To the outside world, the Cedar Valley Arboretum may seem pretty uneventful during our winter season. However, starting in February, the Arboretum’s Executive Director, Rob Pruitt, is hard at work planning and designing the gardens for the upcoming season. If you’re a person who frequents the Arboretum year after year, you have probably noticed that each year the gardens are completely different! Here’s an insider look into what it really takes to design and plan the annual beds for a 35 acre public garden.
With such a large task, it’s hard to know where to even begin! I sat down with Rob to find out just how he breaks down this lengthy and difficult process. According to Rob, the first thing he does is take a look at each area that he needs to plan. He looks through old photos of the gardens, and sets a theme for each space. For example, a theme could be warm, cool, or tropical. For a cool theme, he would choose plants that have cool colors like blues, purples, pinks, and whites. A warmer theme might include reds, yellows, and oranges. A popular theme for the Children’s Garden is playful, which means colors are chosen that are fun and really stand out.
Choosing colors that go well together might seem like something that comes as second nature to most, making this one of the easier parts of the designing process. But, ironically, nature has thrown Rob a curve ball. He was born with red-green color blindness. Rob overcomes this disability by utilizing color wheels to find complimentary and primary colors.
Rob heavily utilizes mathematics and geometry in his design work. Once a color scheme for a garden has been chosen, he will draw the garden to scale – 1 inch or one square on a graph paper = 1 foot. Using colored pencils, he will form an eye-catching pattern within that garden bed. When finished, he will seek a second and sometimes third opinion on the garden’s design. When the colors are set in place, Rob begins the search for the right plants using various online and physical catalogues of greenhouses from all over the Midwest.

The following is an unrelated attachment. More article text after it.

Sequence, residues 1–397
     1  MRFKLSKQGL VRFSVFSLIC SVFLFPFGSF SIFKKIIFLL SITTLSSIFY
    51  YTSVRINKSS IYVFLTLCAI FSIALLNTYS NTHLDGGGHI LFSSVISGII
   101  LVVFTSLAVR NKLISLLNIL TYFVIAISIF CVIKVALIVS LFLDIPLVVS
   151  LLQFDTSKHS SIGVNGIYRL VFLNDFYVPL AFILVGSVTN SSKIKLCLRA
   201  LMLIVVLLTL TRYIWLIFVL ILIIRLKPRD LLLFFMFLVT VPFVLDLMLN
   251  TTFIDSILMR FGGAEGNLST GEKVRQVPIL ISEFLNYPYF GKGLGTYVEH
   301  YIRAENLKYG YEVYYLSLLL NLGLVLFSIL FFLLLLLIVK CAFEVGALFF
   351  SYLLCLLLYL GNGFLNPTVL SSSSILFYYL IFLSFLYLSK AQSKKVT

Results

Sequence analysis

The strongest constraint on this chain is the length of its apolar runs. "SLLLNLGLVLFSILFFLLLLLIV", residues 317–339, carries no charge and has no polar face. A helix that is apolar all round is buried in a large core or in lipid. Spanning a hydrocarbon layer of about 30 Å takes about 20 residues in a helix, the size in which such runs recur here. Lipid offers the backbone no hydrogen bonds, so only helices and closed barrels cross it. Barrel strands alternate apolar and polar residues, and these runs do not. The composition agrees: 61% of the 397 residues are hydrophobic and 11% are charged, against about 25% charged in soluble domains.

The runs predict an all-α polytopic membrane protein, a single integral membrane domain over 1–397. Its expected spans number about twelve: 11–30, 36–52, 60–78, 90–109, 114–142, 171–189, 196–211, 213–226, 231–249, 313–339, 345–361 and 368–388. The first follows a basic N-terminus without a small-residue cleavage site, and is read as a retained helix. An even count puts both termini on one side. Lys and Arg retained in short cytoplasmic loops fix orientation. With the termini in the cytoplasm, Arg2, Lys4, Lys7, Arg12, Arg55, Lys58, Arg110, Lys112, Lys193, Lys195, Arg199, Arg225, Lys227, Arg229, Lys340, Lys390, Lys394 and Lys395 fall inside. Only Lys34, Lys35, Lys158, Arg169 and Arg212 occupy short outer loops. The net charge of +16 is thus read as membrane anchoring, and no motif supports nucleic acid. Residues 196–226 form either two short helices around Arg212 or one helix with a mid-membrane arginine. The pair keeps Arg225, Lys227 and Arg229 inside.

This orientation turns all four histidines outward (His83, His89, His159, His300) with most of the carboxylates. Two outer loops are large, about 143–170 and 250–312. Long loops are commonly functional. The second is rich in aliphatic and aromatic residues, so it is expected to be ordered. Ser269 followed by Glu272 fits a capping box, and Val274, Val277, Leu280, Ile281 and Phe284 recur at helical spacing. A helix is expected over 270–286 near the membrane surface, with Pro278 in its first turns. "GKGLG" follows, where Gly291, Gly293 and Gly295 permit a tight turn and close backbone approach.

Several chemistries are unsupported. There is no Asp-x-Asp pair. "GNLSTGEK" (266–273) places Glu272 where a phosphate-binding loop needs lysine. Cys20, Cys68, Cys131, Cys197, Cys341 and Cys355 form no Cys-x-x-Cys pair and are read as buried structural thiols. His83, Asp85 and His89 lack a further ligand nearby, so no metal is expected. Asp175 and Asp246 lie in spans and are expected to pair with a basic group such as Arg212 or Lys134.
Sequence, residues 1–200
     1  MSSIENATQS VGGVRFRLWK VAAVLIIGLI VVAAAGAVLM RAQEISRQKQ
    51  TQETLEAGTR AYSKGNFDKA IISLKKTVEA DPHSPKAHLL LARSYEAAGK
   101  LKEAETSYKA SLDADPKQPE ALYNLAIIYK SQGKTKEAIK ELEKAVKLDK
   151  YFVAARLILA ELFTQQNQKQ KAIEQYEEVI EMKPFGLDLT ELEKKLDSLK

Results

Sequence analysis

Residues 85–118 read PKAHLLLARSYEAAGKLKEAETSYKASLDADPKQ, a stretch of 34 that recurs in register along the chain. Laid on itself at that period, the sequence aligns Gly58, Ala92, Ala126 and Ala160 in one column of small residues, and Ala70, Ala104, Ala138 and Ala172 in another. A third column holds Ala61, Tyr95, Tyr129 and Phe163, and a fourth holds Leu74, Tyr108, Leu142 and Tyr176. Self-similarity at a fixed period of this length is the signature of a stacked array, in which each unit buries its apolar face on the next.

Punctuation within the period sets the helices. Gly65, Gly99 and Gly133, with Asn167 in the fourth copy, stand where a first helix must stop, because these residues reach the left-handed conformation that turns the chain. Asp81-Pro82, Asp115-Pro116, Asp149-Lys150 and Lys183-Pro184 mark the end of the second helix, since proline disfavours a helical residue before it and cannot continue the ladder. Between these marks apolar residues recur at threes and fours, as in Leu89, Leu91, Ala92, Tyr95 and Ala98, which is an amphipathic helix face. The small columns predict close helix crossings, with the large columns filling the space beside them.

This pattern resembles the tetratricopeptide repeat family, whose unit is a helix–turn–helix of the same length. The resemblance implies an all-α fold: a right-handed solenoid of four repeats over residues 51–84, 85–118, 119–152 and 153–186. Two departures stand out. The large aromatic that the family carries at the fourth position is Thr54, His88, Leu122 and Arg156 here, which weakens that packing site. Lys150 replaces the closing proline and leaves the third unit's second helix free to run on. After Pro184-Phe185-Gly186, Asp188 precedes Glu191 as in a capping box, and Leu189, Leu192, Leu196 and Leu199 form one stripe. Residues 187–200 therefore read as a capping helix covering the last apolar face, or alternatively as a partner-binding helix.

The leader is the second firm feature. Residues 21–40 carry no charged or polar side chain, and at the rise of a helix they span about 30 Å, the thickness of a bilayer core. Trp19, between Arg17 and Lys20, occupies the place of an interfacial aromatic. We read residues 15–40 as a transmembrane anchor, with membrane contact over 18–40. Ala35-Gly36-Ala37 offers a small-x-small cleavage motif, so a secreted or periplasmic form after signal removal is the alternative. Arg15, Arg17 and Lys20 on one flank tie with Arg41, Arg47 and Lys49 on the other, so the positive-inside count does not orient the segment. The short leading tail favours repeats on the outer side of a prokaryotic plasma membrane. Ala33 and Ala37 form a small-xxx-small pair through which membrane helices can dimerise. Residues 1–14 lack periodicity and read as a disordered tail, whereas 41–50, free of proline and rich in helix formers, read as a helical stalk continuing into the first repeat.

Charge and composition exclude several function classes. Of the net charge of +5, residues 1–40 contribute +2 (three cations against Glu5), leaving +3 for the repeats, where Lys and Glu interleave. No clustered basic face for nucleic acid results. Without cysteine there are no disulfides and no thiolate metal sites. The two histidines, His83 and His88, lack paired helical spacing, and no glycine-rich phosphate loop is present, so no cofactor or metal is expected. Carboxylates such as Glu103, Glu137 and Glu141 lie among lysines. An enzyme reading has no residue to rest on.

He selects the flowers for each bed by gathering advice from our Planning & Operations Committee and using a thorough and extremely effective checklist – color, height, blooming time, sun exposure, plant spread (how much ground each individual plant will cover), availability, and, last but certainly not least, cost. If it sounds exhausting, you’d be right! This process can take up to six weeks. But, once those annuals start filling out and becoming something truly beautiful, all of the work is worth it.
Rob almost always chooses a tall, interesting flower to be the “bones” or focal point of a garden bed. The reaction that he aims for is, “Wow! What kind of plant is that?”. Then, usually, he will pick plants that are better known to surround the awe-inspiring focal point. It’s important, for the annual beds, to choose plants that will bloom for the majority of the season. Plants will be tallest in the center of the bed with descending heights heading out toward the edges.
Spreadsheets are made to calculate a total for each bed and an overall total. The true feat is creating a garden that is gorgeous and eye-catching while still coming in under budget. Orders are placed in the winter for the plants that will arrive in April or May, depending on the weather. In 2015, there were over 5,000 annuals planted by staff and volunteers.
When you’re holding a four pack of blue petunias, it’s hard to imagine planting over 5,000 of plants the same size in under two months. The Arboretum’s Executive Director, Robert Pruitt, is responsible for the planning, but it would be absolutely impossible to pull off his vision without the tireless efforts of volunteers, whether they’re a group volunteering for an afternoon or they help out multiple times a week. If you would like to help us plant our 2016 annuals, you may contact us at 319-226-4966 or firstname.lastname@example.org. Be sure to visit us this season to see the new and exciting 2016 annual flower beds.
By Libby Carter